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Pope Francis has focused our attention on one of his familiar themes – the problem of loneliness in our contemporary culture.

The pope has written about this issue in his messages for the World Day of the Sick, for Lent and for this year’s World Day of Grandparents and the Elderly, to be celebrated on July 28, in conjunction with the feast day of Jesus’ grandparents, Sts. Joachim and Anne.

“It is not good that man should be alone,” he wrote for the World Day of the Sick, citing the Book of Genesis. “From the beginning, God, who is love, created us for communion and endowed us with an innate capacity to enter into relationship with others. Our lives, reflecting in the image of the Trinity, are meant to attain fulfilment through a network of relationships, friendships and love, both given and received. We were created to be together, not alone.”

Precisely because communion is so deeply rooted in the human heart, he wrote, the experience of abandonment, solitude, vulnerability and insecurity associated with serious illness can be frightening, painful and even inhuman.

The theme for this year’s celebration of Grandparents and the Elderly. Drawn from Psalm 71, the theme is “Do Not Cast Me Off in My Old Age.”

The Holy See Press Office announcement noted that in choosing this verse it was the Holy Father’s desire “to call attention to the fact that, sadly, loneliness is the bitter lot in life of many elderly persons, so often the victims of the throwaway culture.”

“By cherishing the charisms of grandparents and the elderly,” the press release reads, “and the contribution they make to the life of the church, the World Day seeks to support the efforts of every ecclesial community to forge bonds between the generations and to combat loneliness.”

During the first days of Lent, I was following the traditional devotion of the seven sorrows of Mary and I was struck by how alone Mary must have felt in her sufferings.

Her vocation was so singular, and her life so unique, that no one with whom she shared her earthly journey could have fully understood her life experiences, no matter how empathetic they strove to be.

Consider how alone Mary must have felt after the angel’s announcement that she had been chosen from among all women to bear the Savior.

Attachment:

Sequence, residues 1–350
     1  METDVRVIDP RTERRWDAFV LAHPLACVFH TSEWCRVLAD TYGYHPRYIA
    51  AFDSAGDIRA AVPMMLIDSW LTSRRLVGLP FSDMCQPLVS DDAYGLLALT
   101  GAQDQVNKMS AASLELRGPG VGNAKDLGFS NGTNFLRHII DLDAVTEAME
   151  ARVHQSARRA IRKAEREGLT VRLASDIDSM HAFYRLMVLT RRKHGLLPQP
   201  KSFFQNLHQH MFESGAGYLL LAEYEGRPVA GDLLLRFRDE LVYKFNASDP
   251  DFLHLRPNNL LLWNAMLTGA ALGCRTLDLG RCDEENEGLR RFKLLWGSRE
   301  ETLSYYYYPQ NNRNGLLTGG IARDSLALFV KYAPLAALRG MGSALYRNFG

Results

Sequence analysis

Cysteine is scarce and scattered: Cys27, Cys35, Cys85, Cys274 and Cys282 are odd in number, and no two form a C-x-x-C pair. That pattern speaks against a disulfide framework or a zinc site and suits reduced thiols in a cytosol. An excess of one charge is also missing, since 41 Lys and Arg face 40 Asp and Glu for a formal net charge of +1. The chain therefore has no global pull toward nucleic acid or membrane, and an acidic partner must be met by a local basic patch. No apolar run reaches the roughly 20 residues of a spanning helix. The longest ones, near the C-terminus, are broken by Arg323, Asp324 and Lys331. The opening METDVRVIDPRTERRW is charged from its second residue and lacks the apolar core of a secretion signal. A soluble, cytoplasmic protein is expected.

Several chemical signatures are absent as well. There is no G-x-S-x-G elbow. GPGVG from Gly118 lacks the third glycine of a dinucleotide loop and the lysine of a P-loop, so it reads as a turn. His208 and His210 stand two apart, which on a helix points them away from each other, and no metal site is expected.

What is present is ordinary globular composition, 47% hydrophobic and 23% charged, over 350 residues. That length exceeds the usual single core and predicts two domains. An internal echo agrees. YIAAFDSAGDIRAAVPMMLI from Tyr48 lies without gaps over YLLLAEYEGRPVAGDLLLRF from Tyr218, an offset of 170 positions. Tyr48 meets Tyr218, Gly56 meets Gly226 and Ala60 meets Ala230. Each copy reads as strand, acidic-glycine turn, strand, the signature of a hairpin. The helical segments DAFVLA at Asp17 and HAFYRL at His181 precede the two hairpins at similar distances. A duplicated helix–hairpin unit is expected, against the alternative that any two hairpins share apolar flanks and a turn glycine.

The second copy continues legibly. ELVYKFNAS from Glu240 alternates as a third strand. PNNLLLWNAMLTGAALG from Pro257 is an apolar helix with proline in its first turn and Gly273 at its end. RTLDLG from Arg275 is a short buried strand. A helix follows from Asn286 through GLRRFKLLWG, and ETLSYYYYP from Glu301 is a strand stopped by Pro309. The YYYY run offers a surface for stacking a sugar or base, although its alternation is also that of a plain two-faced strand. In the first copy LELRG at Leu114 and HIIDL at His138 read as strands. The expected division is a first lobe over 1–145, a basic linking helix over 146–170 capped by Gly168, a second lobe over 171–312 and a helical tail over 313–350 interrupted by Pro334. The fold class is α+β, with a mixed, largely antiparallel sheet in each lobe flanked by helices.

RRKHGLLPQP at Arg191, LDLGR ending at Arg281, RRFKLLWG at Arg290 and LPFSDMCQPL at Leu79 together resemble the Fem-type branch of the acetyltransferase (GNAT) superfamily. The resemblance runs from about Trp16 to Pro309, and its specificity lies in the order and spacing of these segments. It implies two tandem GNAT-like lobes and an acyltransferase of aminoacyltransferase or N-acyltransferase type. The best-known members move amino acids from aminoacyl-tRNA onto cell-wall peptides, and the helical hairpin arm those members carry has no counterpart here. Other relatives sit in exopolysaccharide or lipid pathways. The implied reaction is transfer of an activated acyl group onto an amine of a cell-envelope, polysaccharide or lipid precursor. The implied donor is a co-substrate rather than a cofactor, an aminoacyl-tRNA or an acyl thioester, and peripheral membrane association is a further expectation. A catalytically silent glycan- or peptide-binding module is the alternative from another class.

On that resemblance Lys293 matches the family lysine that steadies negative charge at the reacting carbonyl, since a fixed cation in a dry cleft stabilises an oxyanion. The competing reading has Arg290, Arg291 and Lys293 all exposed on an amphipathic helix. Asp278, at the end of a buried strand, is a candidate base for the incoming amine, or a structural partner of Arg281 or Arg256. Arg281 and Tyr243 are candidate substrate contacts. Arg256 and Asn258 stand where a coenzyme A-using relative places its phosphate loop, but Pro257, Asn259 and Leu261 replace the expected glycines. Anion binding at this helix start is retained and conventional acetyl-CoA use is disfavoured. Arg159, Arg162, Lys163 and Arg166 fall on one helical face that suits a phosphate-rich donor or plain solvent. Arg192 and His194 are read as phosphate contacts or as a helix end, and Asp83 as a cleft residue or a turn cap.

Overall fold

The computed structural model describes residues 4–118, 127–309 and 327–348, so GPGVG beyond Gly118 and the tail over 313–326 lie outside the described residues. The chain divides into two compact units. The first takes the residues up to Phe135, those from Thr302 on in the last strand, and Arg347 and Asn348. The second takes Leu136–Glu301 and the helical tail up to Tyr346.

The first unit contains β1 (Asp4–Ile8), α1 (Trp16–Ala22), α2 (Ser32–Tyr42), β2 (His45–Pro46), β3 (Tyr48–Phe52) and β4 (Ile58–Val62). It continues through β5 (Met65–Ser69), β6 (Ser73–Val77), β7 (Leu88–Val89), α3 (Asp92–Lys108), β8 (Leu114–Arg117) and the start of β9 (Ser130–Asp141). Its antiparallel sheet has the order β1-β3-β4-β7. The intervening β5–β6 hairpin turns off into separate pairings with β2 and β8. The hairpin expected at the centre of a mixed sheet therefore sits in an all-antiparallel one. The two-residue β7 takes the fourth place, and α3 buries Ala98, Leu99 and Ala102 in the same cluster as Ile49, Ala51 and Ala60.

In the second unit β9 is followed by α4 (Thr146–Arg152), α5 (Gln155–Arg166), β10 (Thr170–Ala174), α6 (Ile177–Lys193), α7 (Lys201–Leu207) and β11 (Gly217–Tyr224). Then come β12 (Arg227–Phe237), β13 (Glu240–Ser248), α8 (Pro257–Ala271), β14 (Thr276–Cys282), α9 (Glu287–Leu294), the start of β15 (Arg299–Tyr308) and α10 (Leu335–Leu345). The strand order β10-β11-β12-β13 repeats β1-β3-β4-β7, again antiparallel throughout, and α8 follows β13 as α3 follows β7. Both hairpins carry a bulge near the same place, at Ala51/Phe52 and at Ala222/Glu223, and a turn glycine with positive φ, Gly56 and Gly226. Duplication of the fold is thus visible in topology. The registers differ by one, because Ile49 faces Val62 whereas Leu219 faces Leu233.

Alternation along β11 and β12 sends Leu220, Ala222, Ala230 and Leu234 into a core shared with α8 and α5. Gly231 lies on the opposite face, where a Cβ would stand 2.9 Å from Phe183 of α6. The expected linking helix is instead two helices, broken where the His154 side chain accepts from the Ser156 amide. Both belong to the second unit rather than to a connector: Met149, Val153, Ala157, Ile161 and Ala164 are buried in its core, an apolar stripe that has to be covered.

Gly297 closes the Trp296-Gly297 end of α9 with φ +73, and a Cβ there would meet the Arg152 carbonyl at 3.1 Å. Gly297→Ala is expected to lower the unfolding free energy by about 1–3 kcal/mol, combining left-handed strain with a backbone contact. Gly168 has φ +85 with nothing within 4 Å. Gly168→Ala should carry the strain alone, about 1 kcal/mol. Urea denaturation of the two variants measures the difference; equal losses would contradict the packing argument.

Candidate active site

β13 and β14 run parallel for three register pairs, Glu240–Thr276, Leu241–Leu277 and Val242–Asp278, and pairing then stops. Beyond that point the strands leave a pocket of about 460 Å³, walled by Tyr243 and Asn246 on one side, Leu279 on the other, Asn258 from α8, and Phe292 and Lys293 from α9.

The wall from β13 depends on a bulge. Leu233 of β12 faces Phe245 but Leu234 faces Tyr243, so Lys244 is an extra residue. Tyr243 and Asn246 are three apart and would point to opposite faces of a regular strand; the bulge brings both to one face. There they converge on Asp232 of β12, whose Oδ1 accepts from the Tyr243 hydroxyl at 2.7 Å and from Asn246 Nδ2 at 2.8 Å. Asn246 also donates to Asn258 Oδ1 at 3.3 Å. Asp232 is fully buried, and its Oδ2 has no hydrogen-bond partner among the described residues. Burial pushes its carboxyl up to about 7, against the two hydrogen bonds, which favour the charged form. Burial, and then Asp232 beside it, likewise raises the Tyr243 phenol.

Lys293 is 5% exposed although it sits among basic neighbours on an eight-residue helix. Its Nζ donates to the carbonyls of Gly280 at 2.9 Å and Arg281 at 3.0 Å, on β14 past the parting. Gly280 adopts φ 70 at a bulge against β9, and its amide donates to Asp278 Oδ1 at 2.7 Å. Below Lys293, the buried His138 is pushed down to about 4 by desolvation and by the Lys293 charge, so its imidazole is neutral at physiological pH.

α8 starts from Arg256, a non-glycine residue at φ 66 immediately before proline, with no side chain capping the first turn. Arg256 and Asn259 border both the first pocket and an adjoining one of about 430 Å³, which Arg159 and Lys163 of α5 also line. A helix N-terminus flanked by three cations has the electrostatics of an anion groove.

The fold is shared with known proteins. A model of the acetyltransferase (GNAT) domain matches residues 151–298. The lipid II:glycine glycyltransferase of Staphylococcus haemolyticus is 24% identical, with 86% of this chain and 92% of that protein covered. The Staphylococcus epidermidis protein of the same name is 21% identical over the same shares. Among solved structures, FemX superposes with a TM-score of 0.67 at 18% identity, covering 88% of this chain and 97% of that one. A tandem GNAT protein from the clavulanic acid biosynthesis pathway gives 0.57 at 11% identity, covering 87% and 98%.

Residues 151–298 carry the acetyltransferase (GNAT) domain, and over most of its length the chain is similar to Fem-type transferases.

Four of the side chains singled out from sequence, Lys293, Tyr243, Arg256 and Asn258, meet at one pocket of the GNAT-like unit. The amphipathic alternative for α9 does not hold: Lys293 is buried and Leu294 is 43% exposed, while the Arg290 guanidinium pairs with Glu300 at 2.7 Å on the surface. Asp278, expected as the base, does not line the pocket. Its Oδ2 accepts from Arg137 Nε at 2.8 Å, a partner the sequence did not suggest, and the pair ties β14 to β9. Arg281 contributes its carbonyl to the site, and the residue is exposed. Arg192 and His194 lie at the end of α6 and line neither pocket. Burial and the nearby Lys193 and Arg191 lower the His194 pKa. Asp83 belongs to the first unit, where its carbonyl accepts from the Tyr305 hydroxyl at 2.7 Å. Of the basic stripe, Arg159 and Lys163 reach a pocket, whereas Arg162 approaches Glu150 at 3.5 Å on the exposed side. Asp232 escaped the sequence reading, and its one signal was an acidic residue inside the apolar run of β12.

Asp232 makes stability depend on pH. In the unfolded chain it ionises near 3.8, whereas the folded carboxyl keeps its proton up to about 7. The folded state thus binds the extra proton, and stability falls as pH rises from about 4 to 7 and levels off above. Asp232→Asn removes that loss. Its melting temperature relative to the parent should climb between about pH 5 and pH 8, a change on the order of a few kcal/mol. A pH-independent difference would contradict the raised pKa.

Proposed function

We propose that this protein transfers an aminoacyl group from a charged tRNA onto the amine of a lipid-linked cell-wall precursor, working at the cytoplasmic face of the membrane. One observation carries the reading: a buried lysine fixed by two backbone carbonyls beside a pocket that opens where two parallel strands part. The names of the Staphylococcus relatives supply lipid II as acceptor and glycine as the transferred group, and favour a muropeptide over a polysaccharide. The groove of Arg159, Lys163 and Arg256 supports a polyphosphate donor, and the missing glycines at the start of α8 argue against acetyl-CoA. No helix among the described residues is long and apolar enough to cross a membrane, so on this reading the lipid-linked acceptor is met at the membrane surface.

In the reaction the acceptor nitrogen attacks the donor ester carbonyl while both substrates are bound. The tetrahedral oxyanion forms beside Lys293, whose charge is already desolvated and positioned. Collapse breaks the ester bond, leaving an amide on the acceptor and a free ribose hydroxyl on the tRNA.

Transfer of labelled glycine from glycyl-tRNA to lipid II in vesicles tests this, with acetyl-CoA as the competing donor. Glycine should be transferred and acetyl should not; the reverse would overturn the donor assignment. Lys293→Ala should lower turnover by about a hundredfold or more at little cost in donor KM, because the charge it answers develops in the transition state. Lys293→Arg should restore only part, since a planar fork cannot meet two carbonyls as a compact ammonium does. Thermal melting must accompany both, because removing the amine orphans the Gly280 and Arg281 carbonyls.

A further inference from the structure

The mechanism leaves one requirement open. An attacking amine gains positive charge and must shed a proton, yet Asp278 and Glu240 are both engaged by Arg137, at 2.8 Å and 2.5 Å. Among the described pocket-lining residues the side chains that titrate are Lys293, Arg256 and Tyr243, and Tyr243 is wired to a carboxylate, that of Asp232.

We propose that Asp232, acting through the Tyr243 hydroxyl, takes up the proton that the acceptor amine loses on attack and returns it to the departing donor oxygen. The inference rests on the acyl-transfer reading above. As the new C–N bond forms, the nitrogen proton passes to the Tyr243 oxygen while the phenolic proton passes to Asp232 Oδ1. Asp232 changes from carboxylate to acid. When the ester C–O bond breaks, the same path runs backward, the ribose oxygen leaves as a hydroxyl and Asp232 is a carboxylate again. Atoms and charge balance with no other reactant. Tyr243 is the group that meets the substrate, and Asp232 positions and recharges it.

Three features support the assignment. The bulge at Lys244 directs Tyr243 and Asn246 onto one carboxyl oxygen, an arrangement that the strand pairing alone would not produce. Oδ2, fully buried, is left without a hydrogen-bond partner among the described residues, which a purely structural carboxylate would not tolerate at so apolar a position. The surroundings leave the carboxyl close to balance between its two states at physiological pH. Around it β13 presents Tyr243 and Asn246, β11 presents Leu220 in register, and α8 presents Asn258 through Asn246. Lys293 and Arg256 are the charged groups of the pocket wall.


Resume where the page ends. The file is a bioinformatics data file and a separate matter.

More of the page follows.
Or, how fearful she must have been as she and Joseph hastily packed up their belongings and their newborn baby to flee to Egypt.

Imagine Mary’s anxiety when her son was suddenly missing during their journey home from Jerusalem, how confused she must have been when her neighbors in Nazareth chased Jesus out of the synagogue and tried to throw him off a cliff, how sorrowful and lonely she must have felt after the death of her husband, Joseph, and then how lonely she must have been when her Son had left home to pursue his mission.

Finally – although there are many other examples that could be cited – imagine Mary’s heart-wrenching sorrow and her sense of abandonment as her Son suffered a hideous death on a cross.

If you are experiencing loneliness or feel abandoned – no matter the cause – ask Our Lady to help you use your suffering to draw you closer to her Son, who suffered for love of us.

And if someone you know is experiencing pain or isolation, ask for the grace to know how to pause in the presence of this wounded brother or sister and to offer them the consolation of Christ who is always with us.

Our Lady of Sorrows, pray for us. 


Comments from readers

Christine Mach - 05/15/2024 02:15 PM
Thank you sister for sharing your thoughts and writings. I enjoy them your insightful views. Yes, I often think of Mary's sufferings and how she felt. She was blessed and trusted by the Lord and was surrounded by angels but at times as she was human, I don't see how she could of not been lonely and afraid.
Donna - 05/14/2024 09:29 PM
This was a very insightful blog. I am sure Mary had all those feelings like any human being but she had complete trust that God would triumph.
Nina Thurston - 05/14/2024 05:58 PM
Sorry Sister but Mary was never alone. Nor I think felt abandoned or alone. Remember angels spoke to her. Granted she may have been challenged as we as humans are but just like us, she was not given more than she could bear. While you make a good point regarding how society treats elders at times. You fail to show how a relationship with God can take that feeling away from those suffering from loneliness. I enjoy reading your posts. Your bright and cheery tone is always a blessing. Be well !
Carlos Cueto - 05/14/2024 05:34 PM
Great blog bringing us to deep reflection! It made me ponder that, perhaps in her exquisite singularity, our Blessed Mother felt “aloneness,” not loneliness. God’s calling to each of us is singular, individualized, unlike that of our neighbor’s. In that, we may experience “aloneness” but, hopefully, we should never confuse the feelings with loneliness. Created in the likeness of God who, being Triune, is relational, we were individually created to be in unique relationship with God. We may, at times, feel loneliness but we must rest assured that we live, and only because, we exist rooted in the one-and-only relational Triune God who will never abandon us regardless of our unique (aloneness) calling to relationship and Christian mission! Carlos Cueto, DMin.

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